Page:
RRUK argued that the express terms (rights) on which the Claimants relied were impliedly qualified by obligations that required the Claimants to not exercise the express powers they relied on capriciously or arbitrarily and only in good faith (either because the JOAs were ‘relational contracts’ with implied general duties of good faith, or because Braganza type duties were implied) and, in consequence, only in the best interests of the operation of the licence block or blocks in question. Further, the Claimants did not comply with the qualifications for which RRUK contended and in consequence the Claimants’ purported notices were invalid and of no effect.
The Claimants’ sought declarations as to the validity of their notices.
The Commercial Court considered the starting point in determining the meaning and effect of the JOAs is the language used by the parties because (a) the parties have control over the language they use in a contract; and (b) the parties must have been specifically focussing on the issue covered by the disputed clause or clauses when agreeing the wording of that provision. This is of particular importance with contracts such as the JOAs because they are sophisticated and complex agreements drafted by skilled and specialist professionals. That being so, contracts such as the JOAs are to be interpreted principally by textual analysis unless a provision lacks clarity or is apparently illogical or incoherent.
It was clear that the clauses relied on by the Claimants are and were intended to confer an unqualified right to terminate the Operator role. The Commercial Court’s reasons for reaching that conclusion were as follows:
- The language used by the parties is clear and unambiguous – Clause 19 provides that the “ … Operator may be discharged … at the end of any calendar month by the Operating Committee giving not less than ninety (90) days notice to it …”. There is no qualification within the clause other than that concerning qualified voting majorities.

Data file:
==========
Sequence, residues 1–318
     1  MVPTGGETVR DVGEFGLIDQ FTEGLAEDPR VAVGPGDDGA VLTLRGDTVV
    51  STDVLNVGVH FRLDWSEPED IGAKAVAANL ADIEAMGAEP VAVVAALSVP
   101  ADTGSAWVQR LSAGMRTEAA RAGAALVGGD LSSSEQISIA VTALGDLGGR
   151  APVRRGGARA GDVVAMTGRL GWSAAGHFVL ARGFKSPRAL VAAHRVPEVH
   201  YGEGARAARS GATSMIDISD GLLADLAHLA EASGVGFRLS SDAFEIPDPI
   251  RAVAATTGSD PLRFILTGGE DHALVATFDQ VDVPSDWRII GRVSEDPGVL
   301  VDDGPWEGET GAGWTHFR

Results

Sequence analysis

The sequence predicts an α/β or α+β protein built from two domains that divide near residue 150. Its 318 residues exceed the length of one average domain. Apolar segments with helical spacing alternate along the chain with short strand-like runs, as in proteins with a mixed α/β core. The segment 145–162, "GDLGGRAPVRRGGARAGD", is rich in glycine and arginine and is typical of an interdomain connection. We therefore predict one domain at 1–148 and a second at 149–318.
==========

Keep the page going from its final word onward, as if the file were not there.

- If and to the extent it were wrong to conclude that the language used by the parties is clear and unambiguous, the language used elsewhere in the contract emphasises that the parties intended the provision to have unqualified effect. The contrast between clauses 19.1(a) and (b) could not be clearer. The operative words of sub-clause (a) are unqualified whereas those in sub-clause (b) are qualified by the critical word “if” so that the Operator can be discharged under sub-clause (b) upon the Operating Committee giving notice to it if but only if one of the conditions at sub-sub clauses (1) to (7) applies.
- That this is the correct interpretation derives some support from the terms in which the right of an Operator to resign is phrased. It is not suggested that the right to resign is qualified (even though the clause does not in terms say that the right is unqualified). This shows that where a right is intended to be unqualified it is simply described as a right without express words that emphasise that the right is an unqualified right. The drafting convention used is only to qualify a right where it is intended that it should be qualified – as is the case with clause 19.1(b). Once this is understood to be the drafting convention adopted the true meaning and effect becomes entirely clear.
- Had the parties intended any qualification on the right to terminate under clause 19.1(a) of the Block 16/7a JOA by reference to the concept of good faith there is no doubt that they could and would have expressly so stated, as is apparent from other provisions within the JOA (which contain express obligations of good faith).
- The inclusion of an unqualified right to discharge the Operator reflects and is consistent with the common understanding of the parties to the agreement as to the nature of the relationship. The relationship was not and was not intended to be a partnership and the parties were fully entitled to vote at operating committee meetings in accordance with what they perceived to be their own best interests.